Anyway, of course this fact deserved a celebration and Perry’s being a rip off of a very chilled out pub chain called Ellen’s (which does not look like a chain at all, but it seems like in China you can’t have a cool place without at least a few doppelgänger), they put on good music, so eventually the Polish table led the way to the ultimate dance party, helped out prodigiously by a contingent of E.’s late-arriving Latino friends. A few beers, a stolen 300 RMB (not mine, fortunately) and my classmate’s failed attempt at pimping me to her fornicating Belgium flatmate later we called it a night (I don’t mean to say that he was fornicating at the time!). All in all, I think I said goodbye to China with some flair, don’t you?

(The above was written while I was waiting to board the plane. Now I’m actually writing from the air. If I stop making sense, blame the altitude, bad air, plane food and the snoring Chinese around me.)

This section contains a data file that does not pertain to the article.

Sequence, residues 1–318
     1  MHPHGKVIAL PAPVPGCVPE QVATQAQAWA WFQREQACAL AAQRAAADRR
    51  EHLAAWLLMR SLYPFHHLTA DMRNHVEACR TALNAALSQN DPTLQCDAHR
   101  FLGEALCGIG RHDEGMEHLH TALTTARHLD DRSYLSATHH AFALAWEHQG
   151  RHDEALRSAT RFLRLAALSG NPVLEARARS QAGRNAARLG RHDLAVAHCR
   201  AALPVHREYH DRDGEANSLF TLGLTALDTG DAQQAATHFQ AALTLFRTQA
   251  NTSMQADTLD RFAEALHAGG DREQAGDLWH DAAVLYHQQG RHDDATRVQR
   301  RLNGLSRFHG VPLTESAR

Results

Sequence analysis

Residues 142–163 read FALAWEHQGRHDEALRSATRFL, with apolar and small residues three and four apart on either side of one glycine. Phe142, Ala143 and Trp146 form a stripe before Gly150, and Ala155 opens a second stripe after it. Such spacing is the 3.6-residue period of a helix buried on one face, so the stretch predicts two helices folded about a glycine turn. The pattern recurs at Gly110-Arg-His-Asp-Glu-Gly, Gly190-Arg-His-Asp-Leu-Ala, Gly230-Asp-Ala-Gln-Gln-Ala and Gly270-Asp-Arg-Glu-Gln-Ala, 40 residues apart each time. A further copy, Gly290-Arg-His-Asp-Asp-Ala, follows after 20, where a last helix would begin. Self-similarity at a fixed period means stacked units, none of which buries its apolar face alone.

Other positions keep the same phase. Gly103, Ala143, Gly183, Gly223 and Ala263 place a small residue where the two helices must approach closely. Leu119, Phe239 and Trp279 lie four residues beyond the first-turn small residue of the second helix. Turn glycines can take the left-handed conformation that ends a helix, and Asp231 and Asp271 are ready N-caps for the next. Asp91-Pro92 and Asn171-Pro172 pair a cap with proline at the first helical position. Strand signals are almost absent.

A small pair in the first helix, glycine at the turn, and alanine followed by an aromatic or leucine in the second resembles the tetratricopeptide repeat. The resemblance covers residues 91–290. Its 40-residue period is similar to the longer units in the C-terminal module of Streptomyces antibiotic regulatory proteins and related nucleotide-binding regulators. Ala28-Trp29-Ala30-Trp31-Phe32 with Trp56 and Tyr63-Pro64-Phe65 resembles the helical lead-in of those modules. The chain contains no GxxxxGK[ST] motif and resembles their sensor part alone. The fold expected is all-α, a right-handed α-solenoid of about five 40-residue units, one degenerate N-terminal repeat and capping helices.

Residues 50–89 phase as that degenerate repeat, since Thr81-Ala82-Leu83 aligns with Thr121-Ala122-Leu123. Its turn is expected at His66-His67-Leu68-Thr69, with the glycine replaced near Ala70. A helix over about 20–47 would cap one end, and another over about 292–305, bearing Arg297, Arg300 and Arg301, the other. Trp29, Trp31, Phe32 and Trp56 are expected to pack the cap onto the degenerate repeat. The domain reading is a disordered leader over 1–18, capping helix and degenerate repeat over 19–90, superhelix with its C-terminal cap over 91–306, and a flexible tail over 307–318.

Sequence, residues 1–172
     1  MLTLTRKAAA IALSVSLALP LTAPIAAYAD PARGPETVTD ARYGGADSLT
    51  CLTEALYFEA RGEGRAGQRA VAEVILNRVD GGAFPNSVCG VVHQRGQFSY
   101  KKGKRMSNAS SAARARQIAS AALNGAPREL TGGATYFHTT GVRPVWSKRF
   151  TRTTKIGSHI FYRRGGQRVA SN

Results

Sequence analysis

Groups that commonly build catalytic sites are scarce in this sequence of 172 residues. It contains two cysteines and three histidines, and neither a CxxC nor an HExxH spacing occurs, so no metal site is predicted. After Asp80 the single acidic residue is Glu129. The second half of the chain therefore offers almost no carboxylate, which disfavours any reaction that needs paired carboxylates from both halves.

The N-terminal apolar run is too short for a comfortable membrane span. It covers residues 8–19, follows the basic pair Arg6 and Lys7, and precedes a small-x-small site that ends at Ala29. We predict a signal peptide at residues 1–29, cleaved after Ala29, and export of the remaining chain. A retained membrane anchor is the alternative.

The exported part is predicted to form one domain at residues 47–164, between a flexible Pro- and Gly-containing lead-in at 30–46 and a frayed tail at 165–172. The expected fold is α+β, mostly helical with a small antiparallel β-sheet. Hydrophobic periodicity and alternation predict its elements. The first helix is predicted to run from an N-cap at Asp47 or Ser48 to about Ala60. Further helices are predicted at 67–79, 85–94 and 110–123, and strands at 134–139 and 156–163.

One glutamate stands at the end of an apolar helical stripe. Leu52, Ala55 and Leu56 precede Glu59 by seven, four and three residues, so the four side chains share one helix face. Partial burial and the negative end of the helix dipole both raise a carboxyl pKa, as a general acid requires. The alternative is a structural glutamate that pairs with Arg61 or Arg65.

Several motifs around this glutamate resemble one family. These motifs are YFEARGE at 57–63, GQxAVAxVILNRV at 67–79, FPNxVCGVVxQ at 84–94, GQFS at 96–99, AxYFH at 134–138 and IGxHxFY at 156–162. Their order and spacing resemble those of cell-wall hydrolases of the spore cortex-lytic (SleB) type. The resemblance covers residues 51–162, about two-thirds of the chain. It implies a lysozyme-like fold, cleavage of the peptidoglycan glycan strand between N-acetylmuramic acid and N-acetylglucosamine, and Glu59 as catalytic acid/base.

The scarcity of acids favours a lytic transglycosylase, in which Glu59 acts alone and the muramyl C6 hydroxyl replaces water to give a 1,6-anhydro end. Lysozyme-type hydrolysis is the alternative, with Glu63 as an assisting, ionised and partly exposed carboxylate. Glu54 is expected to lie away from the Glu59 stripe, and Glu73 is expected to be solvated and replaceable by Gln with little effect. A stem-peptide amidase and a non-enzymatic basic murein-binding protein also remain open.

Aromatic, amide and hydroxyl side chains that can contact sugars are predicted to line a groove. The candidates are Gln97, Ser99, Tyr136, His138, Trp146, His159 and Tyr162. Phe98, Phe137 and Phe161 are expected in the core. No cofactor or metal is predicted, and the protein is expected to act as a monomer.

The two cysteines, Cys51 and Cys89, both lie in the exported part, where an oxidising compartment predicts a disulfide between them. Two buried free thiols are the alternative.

Quick observation: isn’t it usually forbidden to bring food or drinks past the customs control? So why did those old Chinese people have a bag full of oranges? Damn you, Pudong International Airport. I could’ve bought some throat sweets to help me survive the journey (a useful tip: always avoid getting a sore throat before a plane trip).

Observation 2: I don’t remember ever having to go through immigration control on LEAVING the country. Damn you, Chinese government!

Observation 3: I think the scales at the check-in counters must be rigged. When I was coming to China, my backpack weighted exactly 20 kilos and I could barely close it or lift it. So how is it possible that this time the airport scales showed 21 kilos? Admittedly it’s still full of useless stuff (but not of what’s really important, namely my deo-stick* and mp3 player. The charms of packing between one party and another), but it’s most definitely not nearly as full or heavy as it was that time!